Notice I already have some saved here, but I could just do a Save As and I'll call this one, say, 'Black Glow.' The Over state is nice red. I'd say it looks pretty good. Properties panel, Save As 'Red Glow.' Down state, there is my white. Save As 'White Glow,' just like that. So you can have as many as you want and really, you can build up a nice library of effects to use anytime you start a project.
In this case, I'd want to do the same thing for the About button. Currently, it's not a button. So don't forget that you have to drag it into the Library to make it a button. I'll call this about button, select OK. Double-click that button to enter symbol editing mode and what I can do is start inserting keyframes and I can start giving this effects. So you can see the process is going to go much faster now that I have Filters Presets. So for this Up state, I can select the Black Glow, Over it's going to be a Red, Down is going to be the White.
You don't have to put anything in the Hit area, so you can always skip that step, if you'd like. But really, for each button that you need to create, you do have to drag it into the Library, 'video button.' It's a Button Type, double-click it and, again, it's just the matter of inserting keyframes and then adding those effects. So Black Glow, the Red is the Over state.
Now, note that if I ever change this White Glow, it's not going to change it across the board. They're not really linked together. So just keep that in mind for the Down state that it is going to be that White Glow, just like that. So again, this is probably the fastest way to make buttons too is just by dragging it right into your Library and then calling it. Of course, it helps to have some consistency. Each one's named, say, portfolio button, video button.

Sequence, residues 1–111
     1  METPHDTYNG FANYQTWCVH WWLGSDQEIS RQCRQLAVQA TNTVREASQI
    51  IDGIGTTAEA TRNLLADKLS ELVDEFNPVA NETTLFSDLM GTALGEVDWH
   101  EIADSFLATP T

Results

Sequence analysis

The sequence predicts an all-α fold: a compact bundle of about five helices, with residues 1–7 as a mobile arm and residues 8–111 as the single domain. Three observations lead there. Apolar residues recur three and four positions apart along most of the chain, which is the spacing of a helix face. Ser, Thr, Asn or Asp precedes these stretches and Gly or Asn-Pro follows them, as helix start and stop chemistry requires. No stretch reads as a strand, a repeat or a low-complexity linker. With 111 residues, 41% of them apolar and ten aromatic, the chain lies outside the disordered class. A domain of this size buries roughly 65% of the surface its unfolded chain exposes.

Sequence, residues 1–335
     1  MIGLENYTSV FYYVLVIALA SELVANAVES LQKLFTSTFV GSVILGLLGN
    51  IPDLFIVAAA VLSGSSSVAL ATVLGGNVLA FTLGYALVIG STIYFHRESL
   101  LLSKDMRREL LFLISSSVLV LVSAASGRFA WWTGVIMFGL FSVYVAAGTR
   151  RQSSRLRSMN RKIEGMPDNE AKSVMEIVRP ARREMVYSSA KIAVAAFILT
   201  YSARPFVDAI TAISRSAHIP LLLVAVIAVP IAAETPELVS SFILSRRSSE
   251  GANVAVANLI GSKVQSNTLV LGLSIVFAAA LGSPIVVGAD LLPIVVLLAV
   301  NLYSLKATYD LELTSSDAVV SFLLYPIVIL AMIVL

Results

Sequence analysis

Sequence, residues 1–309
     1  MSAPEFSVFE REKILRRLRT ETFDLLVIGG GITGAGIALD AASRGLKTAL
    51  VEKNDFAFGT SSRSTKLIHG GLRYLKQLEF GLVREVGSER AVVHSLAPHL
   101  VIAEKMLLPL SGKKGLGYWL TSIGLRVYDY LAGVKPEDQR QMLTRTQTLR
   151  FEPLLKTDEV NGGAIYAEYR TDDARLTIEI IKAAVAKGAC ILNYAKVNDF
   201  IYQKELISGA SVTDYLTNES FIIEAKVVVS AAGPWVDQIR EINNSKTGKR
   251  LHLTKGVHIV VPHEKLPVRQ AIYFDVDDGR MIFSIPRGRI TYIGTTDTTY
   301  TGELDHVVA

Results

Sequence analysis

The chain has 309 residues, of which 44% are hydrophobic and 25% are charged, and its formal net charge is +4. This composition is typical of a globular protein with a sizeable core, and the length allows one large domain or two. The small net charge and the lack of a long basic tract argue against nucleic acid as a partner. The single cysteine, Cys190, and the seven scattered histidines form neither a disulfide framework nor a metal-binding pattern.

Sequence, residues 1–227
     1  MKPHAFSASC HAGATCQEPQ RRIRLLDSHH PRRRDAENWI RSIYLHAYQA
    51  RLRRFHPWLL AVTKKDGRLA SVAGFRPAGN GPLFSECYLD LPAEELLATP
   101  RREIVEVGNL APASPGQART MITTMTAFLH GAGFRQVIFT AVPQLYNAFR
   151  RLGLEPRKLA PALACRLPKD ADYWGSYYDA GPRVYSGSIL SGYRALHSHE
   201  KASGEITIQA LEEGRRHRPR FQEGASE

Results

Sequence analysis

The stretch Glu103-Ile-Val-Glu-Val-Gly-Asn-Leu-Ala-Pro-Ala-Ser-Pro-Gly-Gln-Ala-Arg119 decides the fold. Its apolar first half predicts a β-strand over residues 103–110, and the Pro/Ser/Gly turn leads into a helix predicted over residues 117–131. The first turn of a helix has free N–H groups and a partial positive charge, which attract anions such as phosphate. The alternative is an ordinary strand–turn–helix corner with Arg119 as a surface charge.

So double-click it and Insert KeyFrames. Again, anytime you have a keyframe, you can change that content and it won't affect it in other places. So for the Up state, Black Glow, Over, Red and the Down state is going to have the White. So I really just used one effect and I kept modifying it and then I just saved it as Presets, but I encourage you to really explore this list because there is Drop Shadows, Blurs, some Gradient Glows you can add.
You can even adjust the color of items. It's really helpful when you need to modify the look of an item, just like I did here with my buttons. It works out great. So with all four of these set up, let's do a Control > Test Movie, roll over the About, turns red, turns red, turns red. Everything is looking really good. When I select them, they turn White as well. So now my site set up. I have my buttons created, and now I can go ahead and add functionality to them.